How Republicans Should Handle Obama's Health Reform Summit
Mary Kate Cary
GOP Prepares for Sweeping Healthcare Reform
Democrats Hope Summit Will Revive Healthcare
It could be the title of a
saw it at the
Over Super Bowl weekend, President Obama invited congressional Republicans to join him in a half-day televised summit on healthcare reform later this month. Despite the warnings of some on the right, it's not a mistake to say yes to this invitation. But it would be a mistake to commit the Palin fallacy and show up unprepared. With this healthcare summit, Republicans have a golden opportunity to show their ideas in the best light, and the last thing they should do is wing it. They need more than just a few notes written on their hands.
Polls show that big majorities of Americans oppose the Democrats' bills, so you'd think Democrats would want to restart, too. But Republicans shouldn't make that a condition for sitting at the table in the first place; they should say yes to negotiations and then work to scrap the bills once they get in the room. The cameras will be on, and they've got the American people on their side.
scaled-back reforms could win the
Republicans need to prove that they're more than an opposition party -- as good a job as they've done with that -- and show that they are the party of those alternative ideas.
There are other common-sense, free-market Republican ideas for healthcare reform that Americans support.
A January Rasmussen poll shows that 6 in 10 Americans favor limited jury awards in medical malpractice suits to lower costs, which Republicans have long supported. Done right, incremental healthcare reform can lower the deficit, cut costs, and maybe even take some of the burden off small-business owners.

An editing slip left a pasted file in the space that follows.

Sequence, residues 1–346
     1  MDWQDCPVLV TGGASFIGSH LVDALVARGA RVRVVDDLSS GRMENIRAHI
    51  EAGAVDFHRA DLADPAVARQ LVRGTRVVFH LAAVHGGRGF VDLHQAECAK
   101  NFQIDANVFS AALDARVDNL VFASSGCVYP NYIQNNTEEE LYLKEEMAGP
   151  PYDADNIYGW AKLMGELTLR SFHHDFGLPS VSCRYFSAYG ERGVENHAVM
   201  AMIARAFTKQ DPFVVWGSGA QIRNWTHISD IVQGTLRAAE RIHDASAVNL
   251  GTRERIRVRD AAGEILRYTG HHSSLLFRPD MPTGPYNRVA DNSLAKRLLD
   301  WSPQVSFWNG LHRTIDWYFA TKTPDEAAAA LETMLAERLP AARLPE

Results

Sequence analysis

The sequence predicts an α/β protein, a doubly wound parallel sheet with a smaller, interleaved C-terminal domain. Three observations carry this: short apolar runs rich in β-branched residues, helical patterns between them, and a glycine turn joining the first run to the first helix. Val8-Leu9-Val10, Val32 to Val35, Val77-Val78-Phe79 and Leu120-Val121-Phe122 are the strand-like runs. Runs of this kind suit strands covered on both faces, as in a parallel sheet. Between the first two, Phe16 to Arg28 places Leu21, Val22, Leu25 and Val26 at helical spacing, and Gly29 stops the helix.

Even though most of us agree that America has the best healthcare
system in the world in terms of quality, Republicans cannot defend the
status quo when it comes to skyrocketing costs to families and the
long-term cost to our economy. And if a modest form of healthcare reform
does pass, they'd do well to make sure that some
There are other benefits to the salami-slicing approach.
The Republicans have a
great opportunity to show how far left the Democrats are on this, to
make their case as principled, limited-government leaders and explain
they are as well-spoken as the president or not, Republicans have a long
and proud tradition of debating their ideas. Reasoning with people gets
you a lot further than preaching or condescending.
And third, it would show there's only one Republican these days who continues to engage in the Palin fallacy by showing up unprepared and unfocused. If Republicans jump into the policy trenches and Palin continues to stand by and watch, she'll be quickly marginalized.
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Healthcare Reform - How Republicans Should Handle Obama's Health Reform Summit | Mary Kate Cary
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